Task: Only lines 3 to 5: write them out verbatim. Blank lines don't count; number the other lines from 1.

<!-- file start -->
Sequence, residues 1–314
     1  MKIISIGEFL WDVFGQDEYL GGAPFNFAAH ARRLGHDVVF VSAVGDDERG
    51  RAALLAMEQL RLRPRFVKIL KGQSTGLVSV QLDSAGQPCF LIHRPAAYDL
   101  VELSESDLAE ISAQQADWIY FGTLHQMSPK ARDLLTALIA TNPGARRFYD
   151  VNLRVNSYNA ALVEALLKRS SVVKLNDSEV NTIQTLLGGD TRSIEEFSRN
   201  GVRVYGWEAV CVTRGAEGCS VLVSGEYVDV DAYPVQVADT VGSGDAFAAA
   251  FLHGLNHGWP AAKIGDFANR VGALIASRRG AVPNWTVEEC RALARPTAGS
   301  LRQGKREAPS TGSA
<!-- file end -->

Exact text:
    51  RAALLAMEQL RLRPRFVKIL KGQSTGLVSV QLDSAGQPCF LIHRPAAYDL
   101  VELSESDLAE ISAQQADWIY FGTLHQMSPK ARDLLTALIA TNPGARRFYD
   151  VNLRVNSYNA ALVEALLKRS SVVKLNDSEV NTIQTLLGGD TRSIEEFSRN